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A beginner’s guide to the works of John Henry Newman

Newman’s glasses sit on his writing desk at the Birmingham Oratory (Getty)

Even by Victorian standards, John Henry Cardinal Newman was a prolific writer. He wrote and published in many genres, from the controversial to the pastoral; from fiction and poetry to historical sketches and educational theory; from doctrinal apologetics to the defence of religious faith as reasonable. During his lifetime and throughout the decades since his death, scholars and students have read, analysed and discussed these works.

I’ve been a student of John Henry Newman since I was a student in college when the Newman Center at Wichita State University held a week-long Newman School of Catholic Thought on his life and works. Many famous Newman scholars have informed my studies, including Fr Ian Ker, Edward Short, Joyce Sugg and Cardinal Joseph Ratzinger.

Newman, however, is being canonised not because he is a great and prolific writer, with a style and mastery of the English language that even his harshest critics acknowledged in his day. It’s the holiness and faithfulness to Jesus Christ and His Church that Newman expressed in those works that led to his Cause, devotion to him and prayers for his intercession.

So, which among his many works would help someone who has never read anything written by Newman understand why so many have been devoted to this saint?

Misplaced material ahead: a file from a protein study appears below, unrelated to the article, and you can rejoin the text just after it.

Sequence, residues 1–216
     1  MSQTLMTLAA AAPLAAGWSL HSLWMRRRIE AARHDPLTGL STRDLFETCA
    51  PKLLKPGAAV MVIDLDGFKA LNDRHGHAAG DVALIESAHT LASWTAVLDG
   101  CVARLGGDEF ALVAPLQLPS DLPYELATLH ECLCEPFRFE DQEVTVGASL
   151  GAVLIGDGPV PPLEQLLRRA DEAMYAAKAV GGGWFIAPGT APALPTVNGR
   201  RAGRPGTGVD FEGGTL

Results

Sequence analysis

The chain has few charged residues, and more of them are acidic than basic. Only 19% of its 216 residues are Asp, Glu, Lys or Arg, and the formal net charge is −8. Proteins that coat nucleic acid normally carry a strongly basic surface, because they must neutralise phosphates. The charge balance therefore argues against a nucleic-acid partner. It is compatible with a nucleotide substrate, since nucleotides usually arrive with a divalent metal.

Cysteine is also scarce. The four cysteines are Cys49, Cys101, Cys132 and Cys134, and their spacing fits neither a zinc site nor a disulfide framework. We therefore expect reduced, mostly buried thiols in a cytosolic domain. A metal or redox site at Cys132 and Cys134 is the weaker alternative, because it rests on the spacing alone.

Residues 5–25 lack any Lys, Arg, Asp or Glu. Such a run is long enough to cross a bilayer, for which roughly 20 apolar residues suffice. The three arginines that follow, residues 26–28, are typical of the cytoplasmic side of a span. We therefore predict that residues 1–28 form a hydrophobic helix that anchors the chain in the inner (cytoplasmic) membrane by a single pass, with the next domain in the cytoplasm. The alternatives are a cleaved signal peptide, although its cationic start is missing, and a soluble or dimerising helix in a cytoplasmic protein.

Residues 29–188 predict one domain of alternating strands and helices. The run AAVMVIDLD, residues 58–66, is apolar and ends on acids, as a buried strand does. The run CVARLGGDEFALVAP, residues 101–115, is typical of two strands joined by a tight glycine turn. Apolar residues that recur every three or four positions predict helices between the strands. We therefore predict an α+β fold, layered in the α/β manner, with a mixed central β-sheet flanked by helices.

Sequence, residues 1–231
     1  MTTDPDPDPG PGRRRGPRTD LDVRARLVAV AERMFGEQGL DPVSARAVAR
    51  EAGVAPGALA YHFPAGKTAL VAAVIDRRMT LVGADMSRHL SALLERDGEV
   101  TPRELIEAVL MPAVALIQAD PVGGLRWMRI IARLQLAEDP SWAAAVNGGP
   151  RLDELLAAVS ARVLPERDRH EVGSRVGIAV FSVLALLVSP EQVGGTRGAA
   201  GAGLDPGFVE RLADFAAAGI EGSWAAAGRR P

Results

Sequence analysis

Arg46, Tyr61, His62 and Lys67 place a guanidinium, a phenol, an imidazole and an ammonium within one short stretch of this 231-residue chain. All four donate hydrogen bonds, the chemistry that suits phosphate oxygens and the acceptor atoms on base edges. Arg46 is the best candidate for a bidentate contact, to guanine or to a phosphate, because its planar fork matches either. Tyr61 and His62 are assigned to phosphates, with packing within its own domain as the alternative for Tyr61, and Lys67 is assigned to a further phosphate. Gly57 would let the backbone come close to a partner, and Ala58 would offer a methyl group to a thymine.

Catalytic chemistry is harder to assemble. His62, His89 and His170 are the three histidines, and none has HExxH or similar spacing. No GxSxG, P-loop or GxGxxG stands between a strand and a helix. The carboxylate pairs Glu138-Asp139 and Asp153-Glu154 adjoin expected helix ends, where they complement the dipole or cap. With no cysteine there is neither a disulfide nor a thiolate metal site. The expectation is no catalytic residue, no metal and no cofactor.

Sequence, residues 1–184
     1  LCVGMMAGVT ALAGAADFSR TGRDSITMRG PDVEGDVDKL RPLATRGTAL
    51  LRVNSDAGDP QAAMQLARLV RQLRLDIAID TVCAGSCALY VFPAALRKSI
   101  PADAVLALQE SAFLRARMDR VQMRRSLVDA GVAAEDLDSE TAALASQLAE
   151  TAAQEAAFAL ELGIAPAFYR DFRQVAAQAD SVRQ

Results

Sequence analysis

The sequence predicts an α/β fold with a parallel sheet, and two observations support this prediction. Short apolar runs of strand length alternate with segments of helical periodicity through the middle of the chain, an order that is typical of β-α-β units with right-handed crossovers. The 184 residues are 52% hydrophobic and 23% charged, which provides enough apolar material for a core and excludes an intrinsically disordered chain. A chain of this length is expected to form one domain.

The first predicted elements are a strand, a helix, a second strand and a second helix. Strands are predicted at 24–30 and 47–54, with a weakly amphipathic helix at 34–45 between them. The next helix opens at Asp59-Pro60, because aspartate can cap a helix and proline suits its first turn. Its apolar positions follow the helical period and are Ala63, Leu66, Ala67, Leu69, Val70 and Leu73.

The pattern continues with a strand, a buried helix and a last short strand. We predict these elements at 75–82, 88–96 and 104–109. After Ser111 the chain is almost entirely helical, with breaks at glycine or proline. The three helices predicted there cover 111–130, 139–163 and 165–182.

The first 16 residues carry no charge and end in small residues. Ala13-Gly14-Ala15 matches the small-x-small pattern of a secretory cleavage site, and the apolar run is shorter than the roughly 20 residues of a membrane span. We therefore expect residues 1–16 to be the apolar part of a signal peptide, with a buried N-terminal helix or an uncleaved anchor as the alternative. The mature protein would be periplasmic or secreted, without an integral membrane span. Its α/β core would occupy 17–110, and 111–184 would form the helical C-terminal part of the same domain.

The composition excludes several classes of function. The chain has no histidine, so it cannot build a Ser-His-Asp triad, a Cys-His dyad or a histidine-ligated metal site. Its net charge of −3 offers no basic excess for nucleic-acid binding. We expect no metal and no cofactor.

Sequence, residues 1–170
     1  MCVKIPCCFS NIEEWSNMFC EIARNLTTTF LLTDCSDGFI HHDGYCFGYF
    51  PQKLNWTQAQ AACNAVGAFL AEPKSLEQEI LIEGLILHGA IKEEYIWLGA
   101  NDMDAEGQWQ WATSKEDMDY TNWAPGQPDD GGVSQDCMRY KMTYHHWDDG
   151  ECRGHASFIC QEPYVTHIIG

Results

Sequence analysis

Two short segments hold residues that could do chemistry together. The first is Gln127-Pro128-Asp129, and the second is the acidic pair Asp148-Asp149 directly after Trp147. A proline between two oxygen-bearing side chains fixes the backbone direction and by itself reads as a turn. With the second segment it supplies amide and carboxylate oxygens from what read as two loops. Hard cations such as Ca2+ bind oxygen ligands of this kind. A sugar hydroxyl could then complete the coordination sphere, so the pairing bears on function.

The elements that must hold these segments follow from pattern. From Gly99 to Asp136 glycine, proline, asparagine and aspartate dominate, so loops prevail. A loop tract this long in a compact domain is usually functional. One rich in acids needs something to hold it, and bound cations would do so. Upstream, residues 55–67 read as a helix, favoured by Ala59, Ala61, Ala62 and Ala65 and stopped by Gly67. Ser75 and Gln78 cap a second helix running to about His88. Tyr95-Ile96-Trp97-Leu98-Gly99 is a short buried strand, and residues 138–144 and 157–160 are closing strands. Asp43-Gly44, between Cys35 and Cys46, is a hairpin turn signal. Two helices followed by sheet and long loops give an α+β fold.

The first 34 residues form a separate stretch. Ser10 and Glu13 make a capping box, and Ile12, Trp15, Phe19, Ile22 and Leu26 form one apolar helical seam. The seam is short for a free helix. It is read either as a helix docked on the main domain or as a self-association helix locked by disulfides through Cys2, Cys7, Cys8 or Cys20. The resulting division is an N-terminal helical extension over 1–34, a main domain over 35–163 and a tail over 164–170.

Here are my suggestions.

Start with the Meditations and Devotions, a collection of prayers and reflections for students at the Oratory School in Birmingham. It was compiled and published by Fr William Neville in 1893, three years after Newman’s death. The saint’s simple, confident and humble faith is evident on the pages of this work, including his devotion to Our Lady, to his patron saint Philip Neri and to the Stations of the Cross, meditation before the Blessed Sacrament and the holy rosary.

In the “Meditations on Christian Doctrine” the reader will find one of his most famous quotations:

God has created me to do Him some definite service; He has committed some work to me which He has not committed to another. I have my mission – I never may know it in this life, but I shall be told it in the next. Somehow I am necessary for His purposes, as necessary in my place as an Archangel in his – if, indeed, I fail, He can raise another, as He could make the stones children of Abraham. Yet I have a part in this great work; I am a link in a chain, a bond of connexion between persons. He has not created me for naught. I shall do good, I shall do His work; I shall be an angel of peace, a preacher of truth in my own place, while not intending it, if I do but keep His commandments and serve Him in my calling.

Therefore I will trust Him. Whatever, wherever I am, I can never be thrown away. If I am in sickness, my sickness may serve Him; in perplexity, my perplexity may serve Him; if I am in sorrow, my sorrow may serve Him. My sickness, or perplexity, or sorrow may be necessary causes of some great end, which is quite beyond us. He does nothing in vain; He may prolong my life, He may shorten it; He knows what He is about. He may take away my friends, He may throw me among strangers, He may make me feel desolate, make my spirits sink, hide the future from me – still He knows what He is about.

Other meditation highlights include his “Short Road to Perfection” and the “Prayer for the Light of Truth”.